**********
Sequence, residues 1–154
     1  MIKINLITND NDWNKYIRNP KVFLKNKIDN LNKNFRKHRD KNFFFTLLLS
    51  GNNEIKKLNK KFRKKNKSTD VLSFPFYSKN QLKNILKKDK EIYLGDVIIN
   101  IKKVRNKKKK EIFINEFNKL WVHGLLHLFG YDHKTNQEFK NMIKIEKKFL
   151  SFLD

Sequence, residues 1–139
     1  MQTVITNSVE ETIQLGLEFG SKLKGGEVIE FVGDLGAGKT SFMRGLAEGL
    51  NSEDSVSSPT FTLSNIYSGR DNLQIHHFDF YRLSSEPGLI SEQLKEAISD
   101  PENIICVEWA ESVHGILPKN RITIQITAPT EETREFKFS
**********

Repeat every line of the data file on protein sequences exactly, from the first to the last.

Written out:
Sequence, residues 1–154
     1  MIKINLITND NDWNKYIRNP KVFLKNKIDN LNKNFRKHRD KNFFFTLLLS
    51  GNNEIKKLNK KFRKKNKSTD VLSFPFYSKN QLKNILKKDK EIYLGDVIIN
   101  IKKVRNKKKK EIFINEFNKL WVHGLLHLFG YDHKTNQEFK NMIKIEKKFL
   151  SFLD

Sequence, residues 1–139
     1  MQTVITNSVE ETIQLGLEFG SKLKGGEVIE FVGDLGAGKT SFMRGLAEGL
    51  NSEDSVSSPT FTLSNIYSGR DNLQIHHFDF YRLSSEPGLI SEQLKEAISD
   101  PENIICVEWA ESVHGILPKN RITIQITAPT EETREFKFS